Newly released documents show an influential group that helps shape U.S. food policy, directs consumers toward food products, has financial ties to the world’s largest processed food companies, and has been controlled by former industry employees who worked for companies like Monsanto.
The documents reveal that the Academy of Nutrition and Dietetics has a record of bartering with a host of food giants, owns stock in highly processed food companies and has received millions of contributions from producers of pop, candy and processed foods linked to diabetes, heart disease, obesity and other health problems.
The findings are part of a recently peer-reviewed study that examined a collection of financial documents and internal communications obtained through the Freedom of Information Act (FOIA).
“It’s incredibly impressive, so if the Academy is corrupt, then US nutrition policy is corrupt,” said Gary Ruskin, executive director of US Right to Know and one of the study’s authors. The nonprofit investigative organization developed the study with researchers from nonprofit organizations and universities in the United States and the United Kingdom.
“If we are going to solve obesity and diabetes problems in the United States and elsewhere, we are going to have to address corruption in our health institutions,” Ruskin added.
The Academy says it is an independent voice and “a trusted educational resource for consumers.” She lobbies Congress and represents and provides information to more than 110,000 registered dietitians in the United States who help people make decisions about what foods to eat.
Although the Academy has long received criticism for its connection to the big food, the study reveals for the first time the depth of its financial ties.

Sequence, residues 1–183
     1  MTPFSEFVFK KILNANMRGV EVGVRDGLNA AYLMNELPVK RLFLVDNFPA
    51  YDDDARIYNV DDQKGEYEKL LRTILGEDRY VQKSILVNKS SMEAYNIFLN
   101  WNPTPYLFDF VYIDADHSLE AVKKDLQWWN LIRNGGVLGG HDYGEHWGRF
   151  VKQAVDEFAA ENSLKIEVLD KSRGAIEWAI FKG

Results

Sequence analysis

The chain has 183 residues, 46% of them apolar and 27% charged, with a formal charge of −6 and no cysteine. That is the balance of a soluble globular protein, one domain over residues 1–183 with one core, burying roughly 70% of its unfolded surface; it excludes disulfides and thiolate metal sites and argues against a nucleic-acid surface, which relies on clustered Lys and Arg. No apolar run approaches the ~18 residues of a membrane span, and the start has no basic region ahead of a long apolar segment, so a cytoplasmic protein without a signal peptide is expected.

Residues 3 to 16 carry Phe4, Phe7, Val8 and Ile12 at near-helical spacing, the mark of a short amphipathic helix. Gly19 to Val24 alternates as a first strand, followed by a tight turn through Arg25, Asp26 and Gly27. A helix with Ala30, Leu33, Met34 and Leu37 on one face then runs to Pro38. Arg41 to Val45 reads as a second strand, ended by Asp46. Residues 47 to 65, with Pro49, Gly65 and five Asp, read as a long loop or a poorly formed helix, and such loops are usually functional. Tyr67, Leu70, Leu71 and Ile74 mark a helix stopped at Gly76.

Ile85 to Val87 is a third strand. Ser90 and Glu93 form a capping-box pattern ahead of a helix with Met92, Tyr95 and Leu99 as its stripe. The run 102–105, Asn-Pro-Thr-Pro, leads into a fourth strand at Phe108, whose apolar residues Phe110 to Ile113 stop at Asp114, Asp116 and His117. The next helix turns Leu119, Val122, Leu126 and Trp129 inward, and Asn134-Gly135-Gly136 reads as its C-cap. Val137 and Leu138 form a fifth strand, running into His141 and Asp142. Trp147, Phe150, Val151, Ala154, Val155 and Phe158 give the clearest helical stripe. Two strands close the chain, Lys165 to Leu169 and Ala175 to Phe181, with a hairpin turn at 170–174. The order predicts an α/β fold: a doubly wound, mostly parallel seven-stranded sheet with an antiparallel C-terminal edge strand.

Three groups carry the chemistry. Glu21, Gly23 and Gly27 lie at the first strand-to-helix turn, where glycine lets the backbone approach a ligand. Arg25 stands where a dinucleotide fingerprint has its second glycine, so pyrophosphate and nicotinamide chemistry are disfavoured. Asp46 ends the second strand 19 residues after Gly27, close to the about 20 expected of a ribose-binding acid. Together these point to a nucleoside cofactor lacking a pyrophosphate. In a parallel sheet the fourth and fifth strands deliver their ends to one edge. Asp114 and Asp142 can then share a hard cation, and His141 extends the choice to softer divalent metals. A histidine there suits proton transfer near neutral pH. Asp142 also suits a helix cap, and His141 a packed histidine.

The Academy accepted at least $15 million from institutional and institutional shareholders from 2011-2017, and more than $4.5 million in additional funding has gone to the Academy Foundation. Among the highest contributions have come from companies such as Nestle, PepsiCo, Hershey’s, Kellogg’s, General Mills, ConAgra, the National Dairy Board and infant formula producer Abbott Nutrition.
The academy and its foundation have also received funding from the food industry through sponsorships, which is effectively a good thing. In a 2015 email, an employee of the academy defined sponsorship as “when a company pays a fee to the academy/institution for specific rights and benefits that the academy/institution determines.”
The email reveals that in 2015 the Academy was in a sponsorship deal with Abbott and was discussing how the Academy could use the influence of dietitians in pediatricians’ offices to push Pediasure, one of the pharmaceutical giant’s infant nutritional products. Abbott at the time had a two-year, $300,000 sponsorship deal.
Records show that the Academy also owned Abbott stock at the time of the deal and plan. It also owns shares in the companies with which it has a sponsorship deal, PepsiCo, as well as financial shareholders, such as Nestle.
“This is amazing,” said Ruskin. “This belongs in the Hall of Fame for conflicts of interest — it’s off the charts.”
It seemed that the leadership of the academy at that time was very familiar with the optics.
“I personally love Pepsico and have no issues with us owning it, but I wonder if someone would say something about it,” Donna Martin, the Academy’s treasurer at the time, wrote in a 2014 email. “I hope they are as happy as they should be! I personally would be fine if we owned shares of Coca-Cola!!”